Combinatorial Melting Assay

For the colorimetric assay, 96-well streptavidin-coated microplates were used (Pierce). The capture ssDNA was denatured for 5 min at 95°C, centrifuged to pull down any condensate, and put into ice. Five pmoles of the denatured capture ssDNA was put into each microwell. The solution in the well was brought up to 30 µl to ensure full coverage of the well bottom. The plate was incubated for 5 min on ice to ensure that the biotin-labeled probes bound to the streptavidin-coated well and the duplex DNA remained denatured after the 5-min heating at 95°C. If the reference DNA was derived from symmetric PCR, biotinylated ssDNA was captured into each streptavidin-coated microwell for 5 min at room temperature, denatured for 5 min at 95°C, and washed twice with 10 mM Tris-Cl and 0.1 mM EDTA (pH 8.0) to remove the complementary unbiotinylated ssDNA. To block any remaining streptavidin and nonspecific sites, the wells were washed three times with 200 µl TBS blocking buffer (Pierce) containing 2 mM biotin. For the first wash, the buffer was incubated in the well for 10 min. The wells were subsequently equilibrated for hybridization by washing with 100 ml “rapid-hyb” buffer (Amersham). Fifty microliters of hybridization buffer was then pipetted into each well. Usually eight microwells per plate (last eight-well row) were used as negative controls (no “detection” ssDNA was placed into them). For a positive control, detection ssDNA of a known subtype was placed across an eight-well row. The detection ssDNA was then denatured for 5 min at 95°C, and 10 pmoles of this ssDNA was pipetted into each well. The hybridization step was carried out at 75 ± 1°C and 79 ± 1°C for HIV-1 and HCV, respectively, for 2 hr on a thermal block (USA Scientific) or on a customized aluminum holder on a Perkin-Elmer 9600 Thermocycler under constant temperature. After incubation, the plate was drained and stringently washed. For the first stringent washing, 200 µl of 2× SSC, 0.1% (w/v) SDS was pipetted into each well and incubated for 20 min at room temperature. For the next two washings, 200 µl of 1 × SSC, 0.1% (w/v) SDS was pipetted into each well and incubated for 15 min at the hybridization temperature. The plate was then put on ice and washed two times with 200 µl blocking buffer (Pierce). For the second wash, the plate was incubated for 30 min to block nonspecific sites. For color development, monoclonal anti-DIG antibody covalently attached to alkaline phosphatase (Boehringer Mannheim) was diluted 1:2500 in 100 mM Tris-Cl and 150 mM NaCl (pH 7.5). Then 200-µl aliquots of the dilution mixture were pipetted into each well and incubated for 30 min at room temperature to ensure that the digoxigoxin-labeled DNA was recognized by the antibody. After incubation, all wells were washed several times before color development using the AMPAK kit (DAKO). Absorbance densities were measured at 490 nm in a 96-well spectrophotometer (Biolumin 960, Molecular Dynamics). For each microwell, the relative absorbance density was derived as follows: [absorbance density] — [average absorbance density from eight “negative controls” included in each 96-well plate]. For each unknown sample, comparative absorbance ratios corresponding to each of the subtype-reference pools were derived by dividing the relative absorbance densities for each microwell by the highest value. The subtype-reference pool that gives the highest relative absorbance (i.e., comparative absorbance ratio = 1.00) indicates the correct genetic subtype for the unknown sample provided that the other comparative absorbance ratios corresponding to the remaining subtype-reference pools are ≤0.50.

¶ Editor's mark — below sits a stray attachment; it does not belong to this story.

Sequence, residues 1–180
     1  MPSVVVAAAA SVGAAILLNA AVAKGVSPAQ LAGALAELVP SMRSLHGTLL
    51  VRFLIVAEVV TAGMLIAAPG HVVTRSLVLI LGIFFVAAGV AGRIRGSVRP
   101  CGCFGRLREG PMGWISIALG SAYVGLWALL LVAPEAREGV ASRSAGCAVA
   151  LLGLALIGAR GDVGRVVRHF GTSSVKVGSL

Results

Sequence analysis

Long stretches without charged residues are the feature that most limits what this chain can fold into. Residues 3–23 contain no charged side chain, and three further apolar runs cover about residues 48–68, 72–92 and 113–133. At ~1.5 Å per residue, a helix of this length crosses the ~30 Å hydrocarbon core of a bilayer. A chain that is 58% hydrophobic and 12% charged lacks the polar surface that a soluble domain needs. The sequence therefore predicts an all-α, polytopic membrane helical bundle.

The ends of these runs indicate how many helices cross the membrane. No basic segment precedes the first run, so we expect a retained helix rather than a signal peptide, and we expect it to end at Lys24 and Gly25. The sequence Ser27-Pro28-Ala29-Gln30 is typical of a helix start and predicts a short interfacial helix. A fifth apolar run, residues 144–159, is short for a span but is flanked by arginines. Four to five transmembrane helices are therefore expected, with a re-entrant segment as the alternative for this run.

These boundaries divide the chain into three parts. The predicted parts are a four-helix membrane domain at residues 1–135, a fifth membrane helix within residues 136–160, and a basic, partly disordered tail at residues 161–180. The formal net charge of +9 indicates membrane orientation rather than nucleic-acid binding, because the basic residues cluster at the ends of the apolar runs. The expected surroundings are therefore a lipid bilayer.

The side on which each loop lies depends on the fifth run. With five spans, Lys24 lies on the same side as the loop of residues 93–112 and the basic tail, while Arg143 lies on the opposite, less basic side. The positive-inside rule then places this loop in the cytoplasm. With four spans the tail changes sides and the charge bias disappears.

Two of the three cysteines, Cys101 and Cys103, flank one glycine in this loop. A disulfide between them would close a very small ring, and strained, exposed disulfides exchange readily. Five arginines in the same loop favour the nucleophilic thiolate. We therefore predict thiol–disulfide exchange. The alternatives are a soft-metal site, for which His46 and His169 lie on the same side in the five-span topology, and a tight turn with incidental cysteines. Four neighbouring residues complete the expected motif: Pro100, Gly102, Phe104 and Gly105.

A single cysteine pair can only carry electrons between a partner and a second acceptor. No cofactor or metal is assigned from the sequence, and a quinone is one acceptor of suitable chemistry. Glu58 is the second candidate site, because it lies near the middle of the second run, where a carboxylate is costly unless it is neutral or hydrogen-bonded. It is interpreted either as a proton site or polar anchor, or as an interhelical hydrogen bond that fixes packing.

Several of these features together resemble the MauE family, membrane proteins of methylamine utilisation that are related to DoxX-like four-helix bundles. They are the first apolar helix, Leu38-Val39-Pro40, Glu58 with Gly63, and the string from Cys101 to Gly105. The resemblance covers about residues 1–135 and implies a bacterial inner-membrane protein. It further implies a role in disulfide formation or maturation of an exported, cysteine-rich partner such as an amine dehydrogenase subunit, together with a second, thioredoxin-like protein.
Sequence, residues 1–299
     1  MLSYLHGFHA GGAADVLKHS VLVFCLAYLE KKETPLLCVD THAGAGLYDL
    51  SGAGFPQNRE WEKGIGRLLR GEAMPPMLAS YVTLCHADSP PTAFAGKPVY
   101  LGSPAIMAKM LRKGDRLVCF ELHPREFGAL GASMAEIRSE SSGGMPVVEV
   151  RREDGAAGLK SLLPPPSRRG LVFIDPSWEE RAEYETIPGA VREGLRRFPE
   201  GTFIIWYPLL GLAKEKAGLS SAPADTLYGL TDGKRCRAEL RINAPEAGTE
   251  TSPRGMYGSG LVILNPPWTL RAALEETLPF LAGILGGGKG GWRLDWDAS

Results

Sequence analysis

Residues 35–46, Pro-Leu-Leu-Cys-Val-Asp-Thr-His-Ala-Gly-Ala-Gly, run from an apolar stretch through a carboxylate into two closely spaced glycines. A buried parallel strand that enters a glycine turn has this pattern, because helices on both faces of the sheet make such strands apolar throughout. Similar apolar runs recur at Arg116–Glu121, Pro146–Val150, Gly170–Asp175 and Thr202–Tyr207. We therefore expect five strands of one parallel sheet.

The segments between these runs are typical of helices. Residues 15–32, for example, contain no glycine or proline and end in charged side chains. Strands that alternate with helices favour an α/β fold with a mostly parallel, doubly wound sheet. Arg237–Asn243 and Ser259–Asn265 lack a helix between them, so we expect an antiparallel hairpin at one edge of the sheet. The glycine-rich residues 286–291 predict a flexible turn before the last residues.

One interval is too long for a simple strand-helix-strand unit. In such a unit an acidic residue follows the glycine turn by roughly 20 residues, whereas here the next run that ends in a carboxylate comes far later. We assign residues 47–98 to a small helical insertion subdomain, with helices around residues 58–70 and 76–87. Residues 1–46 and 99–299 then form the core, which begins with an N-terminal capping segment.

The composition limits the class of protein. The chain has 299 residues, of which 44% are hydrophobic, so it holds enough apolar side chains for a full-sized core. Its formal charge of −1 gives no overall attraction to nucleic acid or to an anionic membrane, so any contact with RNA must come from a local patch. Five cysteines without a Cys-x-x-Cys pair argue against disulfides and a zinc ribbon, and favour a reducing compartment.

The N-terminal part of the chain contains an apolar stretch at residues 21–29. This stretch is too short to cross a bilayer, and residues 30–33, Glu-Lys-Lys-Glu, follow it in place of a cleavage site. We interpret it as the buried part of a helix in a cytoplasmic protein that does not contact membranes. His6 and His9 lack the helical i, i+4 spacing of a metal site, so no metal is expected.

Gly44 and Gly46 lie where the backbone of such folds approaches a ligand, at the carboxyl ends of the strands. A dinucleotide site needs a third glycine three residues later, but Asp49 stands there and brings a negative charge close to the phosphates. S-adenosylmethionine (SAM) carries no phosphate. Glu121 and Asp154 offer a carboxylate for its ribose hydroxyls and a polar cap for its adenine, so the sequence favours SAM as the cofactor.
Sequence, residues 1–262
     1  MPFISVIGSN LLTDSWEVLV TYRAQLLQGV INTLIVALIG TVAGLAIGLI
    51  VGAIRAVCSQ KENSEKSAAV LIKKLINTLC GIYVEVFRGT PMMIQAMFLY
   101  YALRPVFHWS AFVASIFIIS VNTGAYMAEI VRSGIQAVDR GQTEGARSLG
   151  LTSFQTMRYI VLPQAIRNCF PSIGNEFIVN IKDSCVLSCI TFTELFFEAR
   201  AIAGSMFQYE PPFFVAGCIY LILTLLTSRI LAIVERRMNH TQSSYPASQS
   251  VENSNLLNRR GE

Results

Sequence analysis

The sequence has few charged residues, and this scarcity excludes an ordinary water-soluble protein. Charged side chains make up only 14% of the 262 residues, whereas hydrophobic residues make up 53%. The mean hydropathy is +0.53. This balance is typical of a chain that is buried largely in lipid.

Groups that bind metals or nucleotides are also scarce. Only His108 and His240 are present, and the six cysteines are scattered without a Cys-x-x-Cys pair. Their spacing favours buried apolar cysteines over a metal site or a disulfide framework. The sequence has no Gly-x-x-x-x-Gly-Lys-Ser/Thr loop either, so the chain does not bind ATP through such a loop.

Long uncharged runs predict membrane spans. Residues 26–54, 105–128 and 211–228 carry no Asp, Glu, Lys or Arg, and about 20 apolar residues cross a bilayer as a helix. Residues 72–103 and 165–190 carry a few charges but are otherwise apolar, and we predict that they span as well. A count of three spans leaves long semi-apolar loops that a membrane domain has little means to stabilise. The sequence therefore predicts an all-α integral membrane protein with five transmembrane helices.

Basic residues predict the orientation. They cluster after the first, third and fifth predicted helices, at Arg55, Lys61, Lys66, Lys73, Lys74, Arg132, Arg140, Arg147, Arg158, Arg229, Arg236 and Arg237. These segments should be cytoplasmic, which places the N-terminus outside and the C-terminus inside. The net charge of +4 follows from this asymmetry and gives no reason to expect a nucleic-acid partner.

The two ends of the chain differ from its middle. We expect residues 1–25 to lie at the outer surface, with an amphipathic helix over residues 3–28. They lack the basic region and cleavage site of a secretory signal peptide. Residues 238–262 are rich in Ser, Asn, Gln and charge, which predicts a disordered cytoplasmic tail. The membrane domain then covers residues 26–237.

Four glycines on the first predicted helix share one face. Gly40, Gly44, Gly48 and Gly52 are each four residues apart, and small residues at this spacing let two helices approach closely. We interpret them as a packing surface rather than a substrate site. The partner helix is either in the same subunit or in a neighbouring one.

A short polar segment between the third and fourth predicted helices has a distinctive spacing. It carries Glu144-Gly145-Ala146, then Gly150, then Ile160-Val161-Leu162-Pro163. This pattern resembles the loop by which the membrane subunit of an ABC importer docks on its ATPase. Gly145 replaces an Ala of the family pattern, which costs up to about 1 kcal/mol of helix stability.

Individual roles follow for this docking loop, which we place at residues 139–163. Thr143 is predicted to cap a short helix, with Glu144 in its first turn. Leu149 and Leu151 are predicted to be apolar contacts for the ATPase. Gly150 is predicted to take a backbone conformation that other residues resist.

HCV Phylogenetic Analysis

To verify the results obtained from COMA, the DNA region corresponding to the HCV RNA-binding nucleocapsid and E1 envelope glycoprotein was amplified by RT-PCR, cloned into pCR II bacterial plasmid, and sequenced with an Applied Biosystems automated DNA sequencer. The genetic subtypes were determined by phylogenetic analyses using CLUSTAL W 1.6. GenBank accession numbers for nucleotide sequences are pending.